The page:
Aramco has said it will increase its capex (capex) to $40-50 billion this year, with further growth expected until about the middle of the decade. Capital expenditure last year was $31.9 billion, up 18% from 2020, indicating an increase of about 50% this year in the middle of the forecast range.
The company said it plans to increase the “maximum sustainable capacity” of crude oil to 13 million barrels per day by 2027 and wants to increase gas production by more than 50% by 2030. Its average hydrocarbon production was 12.3 million barrels of oil equivalent. per day last year.
Aramco posted a net profit of $110 billion in 2021, up from $49 billion a year earlier and compared to the average analyst estimate of $106 billion, according to Refinitiv Eikon. With both production and prices rising, analysts expect net income to reach $140 billion in 2022.
Aramco shares rose more than 4% in early trading to a high of 43.85 rials, valuing 8.76 trillion rials ($2.34 trillion).
The $2 trillion valuation was the goal pursued by Saudi Arabia’s de facto leader Crown Prince Mohammed bin Salman before the company’s record $29.4 billion initial public offering in 2019. He announced plans to sell more Aramco shares.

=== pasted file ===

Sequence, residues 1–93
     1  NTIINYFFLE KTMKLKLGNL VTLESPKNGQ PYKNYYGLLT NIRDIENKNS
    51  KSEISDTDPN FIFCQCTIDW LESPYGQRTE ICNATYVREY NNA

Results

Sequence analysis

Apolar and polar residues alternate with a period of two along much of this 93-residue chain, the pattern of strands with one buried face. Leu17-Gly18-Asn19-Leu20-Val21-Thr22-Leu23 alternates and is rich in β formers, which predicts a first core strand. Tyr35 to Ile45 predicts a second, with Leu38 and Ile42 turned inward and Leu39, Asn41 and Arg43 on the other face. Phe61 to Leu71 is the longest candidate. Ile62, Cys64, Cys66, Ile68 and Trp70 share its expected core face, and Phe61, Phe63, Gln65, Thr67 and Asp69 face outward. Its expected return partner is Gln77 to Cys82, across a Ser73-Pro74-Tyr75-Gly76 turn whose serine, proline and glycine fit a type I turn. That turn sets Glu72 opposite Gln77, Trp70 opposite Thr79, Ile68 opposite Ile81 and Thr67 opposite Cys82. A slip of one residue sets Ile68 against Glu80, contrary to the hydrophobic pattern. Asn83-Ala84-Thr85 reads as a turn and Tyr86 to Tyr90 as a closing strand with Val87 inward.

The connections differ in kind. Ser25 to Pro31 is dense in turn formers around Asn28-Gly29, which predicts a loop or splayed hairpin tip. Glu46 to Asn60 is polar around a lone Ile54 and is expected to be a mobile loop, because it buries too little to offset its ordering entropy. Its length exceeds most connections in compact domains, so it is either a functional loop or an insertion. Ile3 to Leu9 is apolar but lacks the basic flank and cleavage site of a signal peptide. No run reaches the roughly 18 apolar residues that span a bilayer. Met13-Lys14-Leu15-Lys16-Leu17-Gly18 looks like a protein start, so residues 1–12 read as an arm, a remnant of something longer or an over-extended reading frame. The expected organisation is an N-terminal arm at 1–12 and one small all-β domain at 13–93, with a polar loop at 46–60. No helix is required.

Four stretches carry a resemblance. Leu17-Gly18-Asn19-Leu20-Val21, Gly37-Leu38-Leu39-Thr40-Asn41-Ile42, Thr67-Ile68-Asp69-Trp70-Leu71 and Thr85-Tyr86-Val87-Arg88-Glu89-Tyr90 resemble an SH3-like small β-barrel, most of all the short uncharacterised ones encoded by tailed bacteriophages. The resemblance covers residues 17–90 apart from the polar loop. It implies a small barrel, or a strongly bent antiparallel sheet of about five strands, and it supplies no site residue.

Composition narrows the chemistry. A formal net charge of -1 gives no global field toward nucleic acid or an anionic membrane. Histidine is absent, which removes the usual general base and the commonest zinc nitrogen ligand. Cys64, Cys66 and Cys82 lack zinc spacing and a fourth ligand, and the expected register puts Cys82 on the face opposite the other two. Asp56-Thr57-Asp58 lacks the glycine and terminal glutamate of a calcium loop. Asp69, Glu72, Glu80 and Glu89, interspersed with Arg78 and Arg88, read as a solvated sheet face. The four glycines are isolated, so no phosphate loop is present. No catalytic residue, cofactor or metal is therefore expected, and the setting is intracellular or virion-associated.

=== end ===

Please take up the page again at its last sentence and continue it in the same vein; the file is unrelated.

Sunday’s surge in Aramco’s valuation lifted it above Microsoft’s, though it still lags behind Apple’s $2.68 trillion.
The Saudi government said last month that Crown Prince Mohammed, who is leading a massive investment drive to diversify the kingdom’s economy, has donated a 4% stake in Aramco to the country’s sovereign wealth fund.
“They are significantly increasing reinvestment and are likely to use (free cash flow) to deleverage their balance sheet,” said Yousef Husseini, head of materials at EFG Hermes Research.
Aramco said its free cash flow was $107.5 billion last year, up from $49.1 billion in 2020. The company announced a $75 billion dividend for 2021, in line with its previous pledge.
The company said it also plans to develop significant hydrogen export capabilities and become a global leader in carbon capture and storage technologies.
Nasser said at a press conference that global demand for oil is growing at a healthy pace and spare capacity is shrinking.
In a separate statement, he said that “although economic conditions have improved significantly, the outlook remains uncertain due to various macroeconomic and geopolitical factors.”